Switching to solar power is not a passing trend. With electricity prices on a continual rise in Australia, coupled with the burden that production of artificial energy poses on the environment, more and more people are looking to reduce their carbon footprint while making long-term cost savings. However, once you choose to go solar powered at your residence, you will quickly realise that this change is not merely about hiring an electrician and purchasing the first solar panels that you come across. Instead, you need to consider the various types of solar panels in the market carefully so that you can make an informed decision based on what capabilities would be best suited to your household. If you have been under the impression that the only difference among solar panels is their appearance, you are mistaken. Read on to learn about just a couple of options when deliberating on solar panel installation.
If aesthetic appeal is a crucial factor for you when investing in solar panels, the shingle variety will be right up your alley! Although these types of solar panels are the fastest innovation in the industry, they have taken Aussie by storm as homeowners seek to enhance the visual appeal of their roof. As the name suggests, these types of solar panels are designed to mimic the appearance of traditional roofing shingles while providing solar energy to the residence. In addition to this, they are just as enduring as the asphalt shingles that inspire their design. Therefore, you will not have to be concerned about roof shingles and subsequent solar panel replacement in the near future. The main drawback to solar shingles is that they happen to be the priciest in the market.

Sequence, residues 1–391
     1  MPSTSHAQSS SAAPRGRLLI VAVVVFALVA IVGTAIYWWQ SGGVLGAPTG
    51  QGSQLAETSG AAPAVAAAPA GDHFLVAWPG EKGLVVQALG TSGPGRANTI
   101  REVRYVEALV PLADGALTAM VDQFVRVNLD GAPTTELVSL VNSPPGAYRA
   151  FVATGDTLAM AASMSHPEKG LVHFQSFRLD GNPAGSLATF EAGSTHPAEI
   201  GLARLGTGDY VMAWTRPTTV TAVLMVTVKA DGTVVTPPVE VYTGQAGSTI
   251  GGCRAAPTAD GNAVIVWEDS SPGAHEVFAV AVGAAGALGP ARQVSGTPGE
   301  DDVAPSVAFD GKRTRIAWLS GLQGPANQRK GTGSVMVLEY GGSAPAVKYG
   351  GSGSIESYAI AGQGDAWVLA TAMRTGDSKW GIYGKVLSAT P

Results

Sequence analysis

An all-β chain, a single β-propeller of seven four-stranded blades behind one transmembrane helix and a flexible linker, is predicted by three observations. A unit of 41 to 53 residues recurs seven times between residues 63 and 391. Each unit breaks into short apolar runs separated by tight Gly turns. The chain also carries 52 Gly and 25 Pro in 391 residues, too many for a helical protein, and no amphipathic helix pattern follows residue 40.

As the name implies, these types of solar panels comprise a multitude of crystalline cells. They are manufactured from silicon, which is melted and poured into rectangular moulds. The manufacture of these solar panels is quite efficient since there is minimal wastage of silicone. As a result, the cost of polycrystalline panels is quite affordable, making them a top option for homeowners that want to save on costs. The main drawback of this type of solar panel is they are not as efficient as other options in the market. This inefficiency is attributed to their heat intolerance, as they do not maximise on the absorption of solar energy, irrespective of the amount of sunshine they receive. Thus, it is best to install polycrystalline panels if you do not intend on your household being fully reliant on solar energy.